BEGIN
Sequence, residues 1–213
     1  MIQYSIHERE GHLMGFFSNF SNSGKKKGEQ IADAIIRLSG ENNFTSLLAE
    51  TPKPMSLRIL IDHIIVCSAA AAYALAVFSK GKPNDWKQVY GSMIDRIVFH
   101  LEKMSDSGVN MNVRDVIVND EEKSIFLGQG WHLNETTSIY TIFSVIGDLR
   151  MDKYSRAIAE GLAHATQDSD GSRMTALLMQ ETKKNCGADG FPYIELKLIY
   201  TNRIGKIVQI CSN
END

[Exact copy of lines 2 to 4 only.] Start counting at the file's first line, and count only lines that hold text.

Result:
     1  MIQYSIHERE GHLMGFFSNF SNSGKKKGEQ IADAIIRLSG ENNFTSLLAE
    51  TPKPMSLRIL IDHIIVCSAA AAYALAVFSK GKPNDWKQVY GSMIDRIVFH
   101  LEKMSDSGVN MNVRDVIVND EEKSIFLGQG WHLNETTSIY TIFSVIGDLR